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Sonnenberg, S.M. (2005). On: The relevance Of Psychoanalysis to an understanding of terrorism. Int. J. Psycho-Anal., 86(5):1479-1480.

(2005). International Journal of Psycho-Analysis, 86(5):1479-1480

On: The relevance Of Psychoanalysis to an understanding of terrorism

Stephen M. Sonnenberg

In their ‘controversies’ debate, both Twemlow (2005a, 2005b) and Friedman (2005) claim Freud's legacy. Twemlow asserts his activist ideas are embedded in psychoanalytic scholarship, which Freud saw as desirable (2005a, p. 961), and Friedman states that his advocacy of cold and unsentimental investigation is consistent with Freud's scientific practices (2005, p. 964). In my opinion, these assertions of inheritance both miss the truth; it is Friedman who can justly assert that he is Freud's scion, but not for the reason he gives.

In a well-known correspondence exchange, Freud addressed the menace of war from a psychoanalytic perspective (Einstein and S. Freud, 1933). In the end he believed what he wrote was of little value, according to an editor's note (p. 198) and text in the body of the letter: ‘The result, as you see, is not very fruitful when an unworldly theoretician is called in to advise on an urgent practical problem’ (p. 213).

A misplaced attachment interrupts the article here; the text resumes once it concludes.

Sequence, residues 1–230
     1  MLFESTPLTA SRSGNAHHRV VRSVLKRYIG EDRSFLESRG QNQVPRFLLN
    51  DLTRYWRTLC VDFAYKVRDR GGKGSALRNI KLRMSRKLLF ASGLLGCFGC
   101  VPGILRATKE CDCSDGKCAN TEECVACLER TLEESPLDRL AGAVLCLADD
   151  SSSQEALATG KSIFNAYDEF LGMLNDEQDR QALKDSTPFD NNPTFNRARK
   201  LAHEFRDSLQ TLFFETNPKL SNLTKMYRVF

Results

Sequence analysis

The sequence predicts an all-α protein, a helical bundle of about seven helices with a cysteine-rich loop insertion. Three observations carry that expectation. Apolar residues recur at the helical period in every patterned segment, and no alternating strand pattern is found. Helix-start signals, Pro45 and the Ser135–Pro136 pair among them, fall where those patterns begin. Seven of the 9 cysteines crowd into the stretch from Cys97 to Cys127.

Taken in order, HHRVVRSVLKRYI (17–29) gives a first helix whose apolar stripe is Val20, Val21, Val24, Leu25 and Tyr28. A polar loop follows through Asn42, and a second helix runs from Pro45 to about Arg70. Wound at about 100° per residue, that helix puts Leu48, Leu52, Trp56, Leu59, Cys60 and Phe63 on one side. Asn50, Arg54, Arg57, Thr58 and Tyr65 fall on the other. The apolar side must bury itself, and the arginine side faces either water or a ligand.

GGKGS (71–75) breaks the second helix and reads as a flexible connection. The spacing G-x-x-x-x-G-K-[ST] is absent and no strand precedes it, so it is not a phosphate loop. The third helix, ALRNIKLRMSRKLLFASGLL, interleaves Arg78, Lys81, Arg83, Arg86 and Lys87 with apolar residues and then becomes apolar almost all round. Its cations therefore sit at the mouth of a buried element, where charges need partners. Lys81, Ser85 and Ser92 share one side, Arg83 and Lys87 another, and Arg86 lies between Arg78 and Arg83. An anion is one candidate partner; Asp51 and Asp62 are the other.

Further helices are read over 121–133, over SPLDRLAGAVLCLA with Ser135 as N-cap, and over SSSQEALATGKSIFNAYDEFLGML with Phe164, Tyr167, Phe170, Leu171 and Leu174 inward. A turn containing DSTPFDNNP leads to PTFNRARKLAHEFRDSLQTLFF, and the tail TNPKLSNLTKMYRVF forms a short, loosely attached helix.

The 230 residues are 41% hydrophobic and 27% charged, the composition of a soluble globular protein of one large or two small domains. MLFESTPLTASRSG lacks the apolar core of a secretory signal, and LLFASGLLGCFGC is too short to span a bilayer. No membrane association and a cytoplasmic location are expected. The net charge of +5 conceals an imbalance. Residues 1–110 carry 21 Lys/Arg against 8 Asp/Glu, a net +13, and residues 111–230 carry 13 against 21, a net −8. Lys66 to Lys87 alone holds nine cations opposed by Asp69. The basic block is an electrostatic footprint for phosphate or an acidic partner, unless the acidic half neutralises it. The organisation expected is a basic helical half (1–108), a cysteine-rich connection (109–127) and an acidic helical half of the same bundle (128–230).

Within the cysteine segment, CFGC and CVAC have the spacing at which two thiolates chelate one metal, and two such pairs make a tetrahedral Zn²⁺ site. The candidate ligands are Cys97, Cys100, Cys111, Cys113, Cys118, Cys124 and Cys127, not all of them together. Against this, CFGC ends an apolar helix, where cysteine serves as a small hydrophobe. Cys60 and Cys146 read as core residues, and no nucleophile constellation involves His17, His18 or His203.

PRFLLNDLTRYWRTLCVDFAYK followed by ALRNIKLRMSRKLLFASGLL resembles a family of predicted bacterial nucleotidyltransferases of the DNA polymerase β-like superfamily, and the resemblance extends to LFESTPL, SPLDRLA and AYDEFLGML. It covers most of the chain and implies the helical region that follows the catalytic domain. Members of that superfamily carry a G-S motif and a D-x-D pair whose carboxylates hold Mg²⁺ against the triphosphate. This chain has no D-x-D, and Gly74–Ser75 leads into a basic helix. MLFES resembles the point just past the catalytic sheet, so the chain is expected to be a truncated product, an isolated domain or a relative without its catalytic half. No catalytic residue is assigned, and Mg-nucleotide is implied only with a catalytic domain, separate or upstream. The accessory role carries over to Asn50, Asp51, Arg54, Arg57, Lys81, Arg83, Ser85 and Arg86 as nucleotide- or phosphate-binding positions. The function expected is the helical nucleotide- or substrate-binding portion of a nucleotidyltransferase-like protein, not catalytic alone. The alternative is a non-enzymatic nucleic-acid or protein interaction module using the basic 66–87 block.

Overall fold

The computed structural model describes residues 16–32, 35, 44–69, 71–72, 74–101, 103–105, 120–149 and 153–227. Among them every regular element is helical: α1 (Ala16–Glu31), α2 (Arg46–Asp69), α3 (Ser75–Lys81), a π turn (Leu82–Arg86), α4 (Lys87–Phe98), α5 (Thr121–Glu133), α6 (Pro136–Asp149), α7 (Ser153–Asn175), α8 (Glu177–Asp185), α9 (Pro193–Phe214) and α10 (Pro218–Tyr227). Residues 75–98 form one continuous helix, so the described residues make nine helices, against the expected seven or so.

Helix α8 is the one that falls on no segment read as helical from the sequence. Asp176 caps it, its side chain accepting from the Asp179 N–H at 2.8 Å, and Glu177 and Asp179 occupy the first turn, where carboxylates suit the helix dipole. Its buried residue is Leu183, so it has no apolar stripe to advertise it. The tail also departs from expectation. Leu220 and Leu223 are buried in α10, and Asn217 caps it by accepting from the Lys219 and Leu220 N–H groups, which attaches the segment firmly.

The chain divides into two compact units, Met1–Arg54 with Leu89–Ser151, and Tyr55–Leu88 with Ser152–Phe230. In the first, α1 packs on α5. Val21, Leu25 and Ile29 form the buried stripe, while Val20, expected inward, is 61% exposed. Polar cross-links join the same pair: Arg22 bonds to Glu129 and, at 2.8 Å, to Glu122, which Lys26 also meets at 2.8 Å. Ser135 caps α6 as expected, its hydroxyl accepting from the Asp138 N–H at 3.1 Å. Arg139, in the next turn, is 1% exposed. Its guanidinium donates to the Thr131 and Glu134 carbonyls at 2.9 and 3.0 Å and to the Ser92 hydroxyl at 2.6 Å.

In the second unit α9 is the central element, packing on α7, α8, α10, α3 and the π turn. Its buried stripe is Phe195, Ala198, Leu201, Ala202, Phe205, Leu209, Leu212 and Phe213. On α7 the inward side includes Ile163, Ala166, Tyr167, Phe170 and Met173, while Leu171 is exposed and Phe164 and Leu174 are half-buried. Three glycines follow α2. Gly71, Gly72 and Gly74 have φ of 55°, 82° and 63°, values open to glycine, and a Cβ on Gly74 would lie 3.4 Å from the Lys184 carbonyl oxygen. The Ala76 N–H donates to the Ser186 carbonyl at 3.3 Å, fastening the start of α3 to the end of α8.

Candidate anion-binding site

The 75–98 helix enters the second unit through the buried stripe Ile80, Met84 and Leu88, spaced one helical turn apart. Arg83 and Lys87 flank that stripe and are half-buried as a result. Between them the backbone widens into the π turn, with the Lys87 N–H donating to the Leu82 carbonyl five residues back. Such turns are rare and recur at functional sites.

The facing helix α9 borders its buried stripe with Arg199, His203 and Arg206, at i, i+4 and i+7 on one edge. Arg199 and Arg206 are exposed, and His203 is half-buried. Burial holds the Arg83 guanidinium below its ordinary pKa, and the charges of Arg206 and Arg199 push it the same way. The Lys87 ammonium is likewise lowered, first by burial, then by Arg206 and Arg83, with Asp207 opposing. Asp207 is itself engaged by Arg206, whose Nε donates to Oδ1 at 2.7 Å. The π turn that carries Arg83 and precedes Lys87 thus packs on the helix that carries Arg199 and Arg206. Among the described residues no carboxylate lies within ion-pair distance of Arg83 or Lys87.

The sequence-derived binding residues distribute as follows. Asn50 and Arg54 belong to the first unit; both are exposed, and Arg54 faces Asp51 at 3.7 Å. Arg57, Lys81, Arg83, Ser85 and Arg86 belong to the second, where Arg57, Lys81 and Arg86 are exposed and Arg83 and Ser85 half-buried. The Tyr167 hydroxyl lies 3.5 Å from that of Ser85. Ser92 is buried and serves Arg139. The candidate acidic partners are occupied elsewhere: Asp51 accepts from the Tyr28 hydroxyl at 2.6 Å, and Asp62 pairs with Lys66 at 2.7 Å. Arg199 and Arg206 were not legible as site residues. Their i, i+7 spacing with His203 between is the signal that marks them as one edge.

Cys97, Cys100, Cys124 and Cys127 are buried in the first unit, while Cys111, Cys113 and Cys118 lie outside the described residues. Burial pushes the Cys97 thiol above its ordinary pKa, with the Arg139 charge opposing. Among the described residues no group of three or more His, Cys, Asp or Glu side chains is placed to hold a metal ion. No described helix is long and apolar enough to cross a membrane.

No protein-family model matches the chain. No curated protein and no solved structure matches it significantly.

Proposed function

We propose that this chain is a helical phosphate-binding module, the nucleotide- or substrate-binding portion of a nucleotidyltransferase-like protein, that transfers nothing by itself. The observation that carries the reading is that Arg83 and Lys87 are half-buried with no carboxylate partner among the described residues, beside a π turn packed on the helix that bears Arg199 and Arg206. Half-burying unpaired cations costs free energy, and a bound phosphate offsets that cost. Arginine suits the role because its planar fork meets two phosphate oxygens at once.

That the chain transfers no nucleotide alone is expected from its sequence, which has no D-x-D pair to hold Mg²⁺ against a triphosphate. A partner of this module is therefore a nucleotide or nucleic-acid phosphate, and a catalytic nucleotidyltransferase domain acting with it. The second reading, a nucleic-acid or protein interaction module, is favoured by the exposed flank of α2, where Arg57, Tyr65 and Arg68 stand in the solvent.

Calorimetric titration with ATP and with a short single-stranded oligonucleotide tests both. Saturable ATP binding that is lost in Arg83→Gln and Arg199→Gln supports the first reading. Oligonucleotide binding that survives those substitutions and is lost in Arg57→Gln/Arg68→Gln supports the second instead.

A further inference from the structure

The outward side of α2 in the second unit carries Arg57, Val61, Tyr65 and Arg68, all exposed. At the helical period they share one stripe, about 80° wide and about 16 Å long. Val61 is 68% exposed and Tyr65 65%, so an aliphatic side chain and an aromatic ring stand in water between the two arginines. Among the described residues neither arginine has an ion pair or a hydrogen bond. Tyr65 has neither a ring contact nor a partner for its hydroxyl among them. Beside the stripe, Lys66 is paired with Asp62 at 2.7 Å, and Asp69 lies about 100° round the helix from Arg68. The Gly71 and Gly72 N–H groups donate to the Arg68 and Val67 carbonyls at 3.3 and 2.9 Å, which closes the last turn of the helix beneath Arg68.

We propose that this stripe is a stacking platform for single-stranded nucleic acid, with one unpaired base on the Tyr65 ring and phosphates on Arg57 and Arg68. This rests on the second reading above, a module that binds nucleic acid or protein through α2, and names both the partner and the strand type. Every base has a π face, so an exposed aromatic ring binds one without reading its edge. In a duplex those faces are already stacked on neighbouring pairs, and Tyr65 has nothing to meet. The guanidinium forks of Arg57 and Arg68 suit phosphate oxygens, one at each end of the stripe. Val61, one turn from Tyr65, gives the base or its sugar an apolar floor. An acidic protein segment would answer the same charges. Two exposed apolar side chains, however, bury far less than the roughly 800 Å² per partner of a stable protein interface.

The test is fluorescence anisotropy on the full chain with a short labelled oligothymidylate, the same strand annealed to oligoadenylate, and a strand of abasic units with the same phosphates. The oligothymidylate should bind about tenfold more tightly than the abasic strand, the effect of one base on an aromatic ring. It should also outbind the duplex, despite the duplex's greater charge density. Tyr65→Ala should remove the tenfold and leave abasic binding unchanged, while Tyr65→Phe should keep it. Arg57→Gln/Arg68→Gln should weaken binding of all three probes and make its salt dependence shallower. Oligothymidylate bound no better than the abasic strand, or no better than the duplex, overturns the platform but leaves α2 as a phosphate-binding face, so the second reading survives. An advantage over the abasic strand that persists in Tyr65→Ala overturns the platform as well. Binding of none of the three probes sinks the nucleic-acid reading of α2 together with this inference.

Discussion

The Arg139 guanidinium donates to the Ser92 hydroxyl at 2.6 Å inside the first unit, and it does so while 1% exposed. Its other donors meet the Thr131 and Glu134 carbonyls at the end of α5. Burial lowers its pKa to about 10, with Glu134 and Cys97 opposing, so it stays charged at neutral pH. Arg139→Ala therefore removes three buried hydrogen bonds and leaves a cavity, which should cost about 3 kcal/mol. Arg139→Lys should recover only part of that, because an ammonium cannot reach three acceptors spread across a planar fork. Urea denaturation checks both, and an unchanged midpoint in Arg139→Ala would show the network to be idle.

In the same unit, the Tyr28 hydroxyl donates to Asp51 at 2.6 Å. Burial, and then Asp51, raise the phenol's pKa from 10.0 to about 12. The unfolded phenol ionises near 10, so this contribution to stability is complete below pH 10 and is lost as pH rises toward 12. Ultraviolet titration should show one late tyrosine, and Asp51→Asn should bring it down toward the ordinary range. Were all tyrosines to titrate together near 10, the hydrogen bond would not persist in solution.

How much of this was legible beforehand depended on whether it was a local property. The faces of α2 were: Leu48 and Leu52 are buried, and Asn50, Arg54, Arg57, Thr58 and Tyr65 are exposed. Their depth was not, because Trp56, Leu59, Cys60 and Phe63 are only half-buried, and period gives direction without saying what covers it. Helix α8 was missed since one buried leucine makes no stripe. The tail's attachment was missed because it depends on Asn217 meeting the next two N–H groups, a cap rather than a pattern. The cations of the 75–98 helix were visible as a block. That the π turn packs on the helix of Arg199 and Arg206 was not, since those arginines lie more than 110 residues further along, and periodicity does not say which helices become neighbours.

But even more significant is that in 1921 the Carnegie Endowment for International Peace (CEIP) undertook a study of World War I, with the practical aim of preventing future wars (Josephson, 1975). Freud was asked to write a monograph on ‘The psycho-analytic problem of the war’. What happened was that very quickly, just two months after signing a contract to write the monograph, Freud gave up completely.

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